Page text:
The Buddhist and Christian paths converge as they both recognize the “fruits” of prayer/meditation. As Christians we talk about fruits of the Spirit. “But the fruit of the Spirit is love, joy, peace, patience, kindness, generosity, faithfulness, gentleness, self-control. Against such there is no law” (Gal. 5:22,23).

We harvest this Spirit-fruit through the sacraments and a life of prayer. The Buddhist tradition emphasizes the Brahma- Viharas (Divine-Abodes) that characterize the awakened mind -- metta (loving-kindness), karuna (compassion), mudita (appreciative joy), and upekkha (equanimity). The path to awakening is through wisdom and compassion, which are cultivated through meditation and the Eight- Fold Path.

Both traditions point to the awakened life of the Spirit and once we realize (make real) the truth of our being, these fruits flow out of us. I find great wisdom in how both of these traditions understand the process of transformation, grounded in a life of prayer/meditation, and the results of that transformation.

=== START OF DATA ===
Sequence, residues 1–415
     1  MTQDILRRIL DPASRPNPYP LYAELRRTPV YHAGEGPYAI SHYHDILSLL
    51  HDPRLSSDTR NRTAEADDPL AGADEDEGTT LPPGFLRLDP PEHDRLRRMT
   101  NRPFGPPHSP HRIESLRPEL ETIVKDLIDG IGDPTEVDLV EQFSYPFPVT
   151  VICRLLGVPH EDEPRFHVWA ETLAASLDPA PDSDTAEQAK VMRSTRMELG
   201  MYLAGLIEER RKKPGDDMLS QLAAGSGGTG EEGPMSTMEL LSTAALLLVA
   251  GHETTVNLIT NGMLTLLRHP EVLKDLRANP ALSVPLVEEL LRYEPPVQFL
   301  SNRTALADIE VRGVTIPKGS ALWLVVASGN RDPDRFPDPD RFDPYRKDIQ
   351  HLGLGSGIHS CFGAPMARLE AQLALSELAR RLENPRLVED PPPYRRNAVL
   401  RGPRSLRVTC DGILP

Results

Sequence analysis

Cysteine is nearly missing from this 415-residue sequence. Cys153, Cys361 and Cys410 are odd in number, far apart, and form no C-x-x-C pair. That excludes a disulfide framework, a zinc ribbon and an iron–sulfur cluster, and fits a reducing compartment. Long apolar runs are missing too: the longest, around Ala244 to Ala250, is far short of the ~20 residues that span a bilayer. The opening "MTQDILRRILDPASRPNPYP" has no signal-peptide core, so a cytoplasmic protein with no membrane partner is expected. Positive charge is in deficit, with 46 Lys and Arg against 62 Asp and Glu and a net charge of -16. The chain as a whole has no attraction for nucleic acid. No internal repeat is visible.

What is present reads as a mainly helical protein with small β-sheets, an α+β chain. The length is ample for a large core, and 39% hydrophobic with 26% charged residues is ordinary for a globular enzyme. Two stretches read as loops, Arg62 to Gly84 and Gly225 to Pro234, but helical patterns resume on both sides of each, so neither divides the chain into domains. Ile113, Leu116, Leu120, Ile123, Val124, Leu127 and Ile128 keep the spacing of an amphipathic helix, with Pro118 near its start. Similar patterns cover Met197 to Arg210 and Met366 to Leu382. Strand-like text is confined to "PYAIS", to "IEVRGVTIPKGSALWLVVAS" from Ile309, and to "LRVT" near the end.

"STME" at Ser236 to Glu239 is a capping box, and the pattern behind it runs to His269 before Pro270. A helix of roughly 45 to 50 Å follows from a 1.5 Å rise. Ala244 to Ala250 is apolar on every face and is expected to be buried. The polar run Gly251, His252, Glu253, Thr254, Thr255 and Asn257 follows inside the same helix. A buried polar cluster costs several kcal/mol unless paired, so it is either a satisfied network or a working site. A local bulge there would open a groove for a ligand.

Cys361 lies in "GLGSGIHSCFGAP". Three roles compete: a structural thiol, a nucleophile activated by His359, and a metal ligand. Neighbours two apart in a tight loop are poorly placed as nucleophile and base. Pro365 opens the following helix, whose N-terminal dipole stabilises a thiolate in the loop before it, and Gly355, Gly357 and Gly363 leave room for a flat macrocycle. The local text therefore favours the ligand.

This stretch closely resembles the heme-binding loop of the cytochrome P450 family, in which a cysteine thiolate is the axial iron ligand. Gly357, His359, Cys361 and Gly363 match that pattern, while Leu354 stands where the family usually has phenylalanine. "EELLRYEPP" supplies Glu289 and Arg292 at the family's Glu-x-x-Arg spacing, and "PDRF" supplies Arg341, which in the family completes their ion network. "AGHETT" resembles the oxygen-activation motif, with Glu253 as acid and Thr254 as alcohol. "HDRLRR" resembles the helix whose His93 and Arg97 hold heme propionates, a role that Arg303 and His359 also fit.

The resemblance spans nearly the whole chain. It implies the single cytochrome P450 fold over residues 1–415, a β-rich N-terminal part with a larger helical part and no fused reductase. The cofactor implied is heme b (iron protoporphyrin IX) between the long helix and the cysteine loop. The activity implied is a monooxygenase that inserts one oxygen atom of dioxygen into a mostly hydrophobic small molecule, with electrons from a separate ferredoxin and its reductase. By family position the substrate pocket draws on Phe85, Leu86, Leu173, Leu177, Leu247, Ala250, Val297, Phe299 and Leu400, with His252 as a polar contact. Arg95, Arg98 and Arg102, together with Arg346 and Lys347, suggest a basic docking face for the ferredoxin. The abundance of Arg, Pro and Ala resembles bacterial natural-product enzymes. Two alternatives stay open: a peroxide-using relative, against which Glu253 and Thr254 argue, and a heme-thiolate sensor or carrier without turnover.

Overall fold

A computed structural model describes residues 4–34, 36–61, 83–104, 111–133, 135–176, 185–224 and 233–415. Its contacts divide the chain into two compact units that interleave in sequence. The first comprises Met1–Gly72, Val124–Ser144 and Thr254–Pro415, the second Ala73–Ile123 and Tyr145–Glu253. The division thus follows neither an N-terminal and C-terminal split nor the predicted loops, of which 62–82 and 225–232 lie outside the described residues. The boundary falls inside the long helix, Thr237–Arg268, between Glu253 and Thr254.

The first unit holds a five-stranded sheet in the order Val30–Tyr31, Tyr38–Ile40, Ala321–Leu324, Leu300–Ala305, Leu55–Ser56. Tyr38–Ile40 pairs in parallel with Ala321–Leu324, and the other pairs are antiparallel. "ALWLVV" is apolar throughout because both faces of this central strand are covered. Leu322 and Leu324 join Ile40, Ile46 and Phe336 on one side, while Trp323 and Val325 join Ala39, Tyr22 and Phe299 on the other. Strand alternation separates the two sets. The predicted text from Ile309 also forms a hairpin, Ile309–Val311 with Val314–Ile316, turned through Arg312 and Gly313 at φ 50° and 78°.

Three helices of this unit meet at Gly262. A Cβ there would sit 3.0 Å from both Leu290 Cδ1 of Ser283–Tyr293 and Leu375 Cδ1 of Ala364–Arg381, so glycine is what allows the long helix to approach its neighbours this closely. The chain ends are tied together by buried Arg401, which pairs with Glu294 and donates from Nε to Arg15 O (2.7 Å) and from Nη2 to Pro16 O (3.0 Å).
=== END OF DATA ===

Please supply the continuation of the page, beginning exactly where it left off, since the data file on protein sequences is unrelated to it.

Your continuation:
Buddha and Christ represent what is possible for us human beings, right here and now. I ask my students in class to raise their hands “if you do not want peace, joy, love, compassion, gentleness, patience, happiness, etc…?” As humans, we all want these fruits that both traditions reveal are available to us in abundance.

I pray for every one of my students that they may come to know God in the way Merton did. The Buddha and countless others have “awakened” through the practice of contemplative prayer. Ignatius himself had his own conversion experience while in deep prayer in Manresa. As Christians, we can engage other traditions and learn the depths of our own.

As Pope John Paul II wrote, “By dialogue, we let God be present in our midst, for as we open ourselves to one another, we open ourselves to God.”

(William Haardt is religious studies teacher at St. Ignatius College Prep, San Francisco.)